Notice and opportunity to be heard is one of the most fundamental tenants of due process in this country. Every litigant, no matter how small the case, has the right to have his or her “day in court.” As we learn in the recent Appellate Division decision of T.M.S. v. W.C.P., that applies equally to a plaintiff – the party bringing the action – and to a defendant – the party defending against the action.

Some background as to the Prevention of Domestic Violence Act (“PDVA”), N.J.S.A. 2C:25-17 to -35, may be helpful to understand the trial court’s error in this case.

Under the PDVA, a Court may enter a restraining order pursuant to a complaint to protect a victim of domestic violence. Following a hearing, the court will issue a Final Restraining Order (“FRO”) if it finds that the victim was subjected to domestic violence by someone with whom the victim has a domestic relationship. The victim must prove that an act of domestic violence occurred and that a restraining order is necessary to protect the victim from immediate danger or future acts of domestic violence.

Although restraining orders may be termed “final” that does not mean that they can never be vacated. Under the PDVA, a court may vacate an FRO upon good cause shown. N.J.S.A. 2C:25-29(d).

The case of Carfagno v. Carfagno, 288 N.J. Super. 424 (Ch. Div. 1995) establishes eleven factors a court must weigh to determine if a defendant established the requisite good cause to vacate an FRO:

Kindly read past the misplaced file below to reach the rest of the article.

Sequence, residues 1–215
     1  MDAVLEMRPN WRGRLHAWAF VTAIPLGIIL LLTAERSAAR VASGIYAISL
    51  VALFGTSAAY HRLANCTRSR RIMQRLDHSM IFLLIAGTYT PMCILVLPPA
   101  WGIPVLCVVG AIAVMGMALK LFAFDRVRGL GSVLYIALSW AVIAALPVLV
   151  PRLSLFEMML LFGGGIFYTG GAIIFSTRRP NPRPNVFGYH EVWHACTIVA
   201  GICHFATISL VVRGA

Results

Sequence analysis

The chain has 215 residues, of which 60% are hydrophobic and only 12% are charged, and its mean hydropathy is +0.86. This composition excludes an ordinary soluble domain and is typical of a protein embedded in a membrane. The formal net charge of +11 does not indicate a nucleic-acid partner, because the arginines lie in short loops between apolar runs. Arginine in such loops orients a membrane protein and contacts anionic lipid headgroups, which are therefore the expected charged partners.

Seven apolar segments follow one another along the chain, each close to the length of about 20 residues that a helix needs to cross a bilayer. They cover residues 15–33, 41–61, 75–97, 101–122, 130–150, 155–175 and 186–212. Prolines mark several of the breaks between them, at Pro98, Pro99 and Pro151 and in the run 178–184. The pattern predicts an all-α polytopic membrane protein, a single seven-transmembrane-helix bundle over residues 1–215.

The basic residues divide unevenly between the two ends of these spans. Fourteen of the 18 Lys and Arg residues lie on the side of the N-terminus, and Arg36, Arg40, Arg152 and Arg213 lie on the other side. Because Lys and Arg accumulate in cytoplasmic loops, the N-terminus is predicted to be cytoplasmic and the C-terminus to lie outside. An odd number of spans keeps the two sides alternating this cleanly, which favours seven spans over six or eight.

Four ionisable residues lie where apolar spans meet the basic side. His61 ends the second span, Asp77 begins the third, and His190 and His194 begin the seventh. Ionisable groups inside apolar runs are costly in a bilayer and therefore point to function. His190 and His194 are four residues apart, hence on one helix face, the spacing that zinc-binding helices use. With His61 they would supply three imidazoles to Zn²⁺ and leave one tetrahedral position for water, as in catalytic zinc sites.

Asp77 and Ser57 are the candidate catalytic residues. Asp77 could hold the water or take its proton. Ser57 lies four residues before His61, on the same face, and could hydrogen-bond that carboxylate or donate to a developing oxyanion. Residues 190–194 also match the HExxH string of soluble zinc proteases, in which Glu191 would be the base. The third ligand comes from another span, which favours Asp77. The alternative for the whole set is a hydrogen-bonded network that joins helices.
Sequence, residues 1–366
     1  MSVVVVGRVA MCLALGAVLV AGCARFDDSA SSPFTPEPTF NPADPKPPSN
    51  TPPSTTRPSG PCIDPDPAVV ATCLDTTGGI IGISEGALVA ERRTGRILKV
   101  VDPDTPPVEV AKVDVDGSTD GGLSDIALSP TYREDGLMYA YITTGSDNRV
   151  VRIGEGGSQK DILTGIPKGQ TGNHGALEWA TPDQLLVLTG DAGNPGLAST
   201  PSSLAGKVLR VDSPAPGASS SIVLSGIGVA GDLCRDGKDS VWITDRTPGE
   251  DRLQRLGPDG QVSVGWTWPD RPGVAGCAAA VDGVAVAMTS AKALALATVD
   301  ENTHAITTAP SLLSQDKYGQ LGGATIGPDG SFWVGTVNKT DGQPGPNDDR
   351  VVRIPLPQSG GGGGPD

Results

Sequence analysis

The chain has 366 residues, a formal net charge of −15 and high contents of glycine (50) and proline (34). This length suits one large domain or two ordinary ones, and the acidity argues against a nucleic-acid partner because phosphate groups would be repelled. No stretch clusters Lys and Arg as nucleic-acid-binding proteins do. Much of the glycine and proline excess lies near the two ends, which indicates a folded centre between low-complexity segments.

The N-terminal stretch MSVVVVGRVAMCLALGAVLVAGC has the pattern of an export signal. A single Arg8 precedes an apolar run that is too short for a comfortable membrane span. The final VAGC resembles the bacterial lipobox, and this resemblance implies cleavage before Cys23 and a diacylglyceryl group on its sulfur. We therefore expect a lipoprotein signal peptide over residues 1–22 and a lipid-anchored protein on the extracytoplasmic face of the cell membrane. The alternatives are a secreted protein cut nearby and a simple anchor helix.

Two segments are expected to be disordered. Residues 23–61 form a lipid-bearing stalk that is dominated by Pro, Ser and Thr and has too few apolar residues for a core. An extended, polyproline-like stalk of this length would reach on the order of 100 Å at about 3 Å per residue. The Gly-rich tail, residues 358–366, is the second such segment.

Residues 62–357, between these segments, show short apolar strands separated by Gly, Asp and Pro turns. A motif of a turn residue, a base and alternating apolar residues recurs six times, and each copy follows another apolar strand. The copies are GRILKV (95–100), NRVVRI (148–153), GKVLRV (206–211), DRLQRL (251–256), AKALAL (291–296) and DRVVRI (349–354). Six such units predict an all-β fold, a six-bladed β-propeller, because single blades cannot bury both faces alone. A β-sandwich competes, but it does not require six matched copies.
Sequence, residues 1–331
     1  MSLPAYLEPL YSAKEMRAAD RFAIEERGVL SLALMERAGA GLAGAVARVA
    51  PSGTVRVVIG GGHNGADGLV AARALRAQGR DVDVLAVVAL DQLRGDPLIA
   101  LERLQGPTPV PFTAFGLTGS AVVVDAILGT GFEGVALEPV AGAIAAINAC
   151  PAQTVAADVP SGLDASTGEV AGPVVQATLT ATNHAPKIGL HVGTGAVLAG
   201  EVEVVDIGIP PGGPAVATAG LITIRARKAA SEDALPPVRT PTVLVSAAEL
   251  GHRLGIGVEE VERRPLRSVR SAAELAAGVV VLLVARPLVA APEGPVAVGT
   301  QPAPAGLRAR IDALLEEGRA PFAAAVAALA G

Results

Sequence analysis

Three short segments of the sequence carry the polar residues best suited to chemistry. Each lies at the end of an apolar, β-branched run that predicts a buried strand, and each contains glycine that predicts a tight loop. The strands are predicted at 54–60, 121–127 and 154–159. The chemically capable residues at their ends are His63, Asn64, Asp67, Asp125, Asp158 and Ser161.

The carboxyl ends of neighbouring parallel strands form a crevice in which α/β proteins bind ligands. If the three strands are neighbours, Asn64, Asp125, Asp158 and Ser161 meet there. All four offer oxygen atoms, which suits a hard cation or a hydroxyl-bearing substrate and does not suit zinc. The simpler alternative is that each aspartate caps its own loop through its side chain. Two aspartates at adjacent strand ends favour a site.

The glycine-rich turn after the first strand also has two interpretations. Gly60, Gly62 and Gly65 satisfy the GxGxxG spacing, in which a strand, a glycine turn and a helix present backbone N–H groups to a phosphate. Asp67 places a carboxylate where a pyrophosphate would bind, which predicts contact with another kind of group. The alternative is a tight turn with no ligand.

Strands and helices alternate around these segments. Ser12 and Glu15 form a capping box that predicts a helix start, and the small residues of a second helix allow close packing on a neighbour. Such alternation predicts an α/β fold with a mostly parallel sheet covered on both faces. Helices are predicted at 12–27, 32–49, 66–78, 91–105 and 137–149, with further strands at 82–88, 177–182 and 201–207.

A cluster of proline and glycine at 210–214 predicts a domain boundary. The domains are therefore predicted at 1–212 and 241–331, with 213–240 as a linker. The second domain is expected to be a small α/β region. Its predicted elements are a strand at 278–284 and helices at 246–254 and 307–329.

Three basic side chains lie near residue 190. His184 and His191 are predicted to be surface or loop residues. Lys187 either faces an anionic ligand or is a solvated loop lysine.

(1) whether the victim consented to lift the restraining order;

(2) whether the victim fears the defendant;

(3) the nature of the relationship between the parties today;

(4) the number of times that the defendant has been convicted of contempt for violating the order;

(5) whether the defendant has a continuing involvement with drug or alcohol abuse;

(6) whether the defendant has been involved in other violent acts with other persons;

(7) whether the defendant has engaged in counseling;

(8) the age and health of the defendant;

(9) whether the victim is acting in good faith when opposing the defendant’s request;

(10) whether another jurisdiction has entered a restraining order protecting the victim from the defendant; and

(11) other factors deemed relevant by the court.

In T.M.S., a final restraining order was entered against the defendant on November 29, 2006. In 2008, the defendant moved, unsuccessfully, to vacate the FRO pursuant to N.J.S.A. 2C:25-29(d) and Carfagno. Subsequently, defendant filed a second Carfagno application to dismiss the FRO. The plaintiff did not appear for the hearing. After determining plaintiff had been properly served with notice of the hearing, the court granted the defendant’s unopposed application.

The Court made the following findings in support of its conclusion:

  • Plaintiff did not consent to the FRO’s dissolution because she was not present.
  • The facts proved defendant never violated the FRO because the parties had no reason to interact; specifically, because they did not have children and both were in committed relationships.
  • Defendant’s prior insobriety partially contributed to the domestic violence incident, and he had been sober for nearly eight years and even chaired his sobriety group.
  • Defendant attended domestic violence counseling.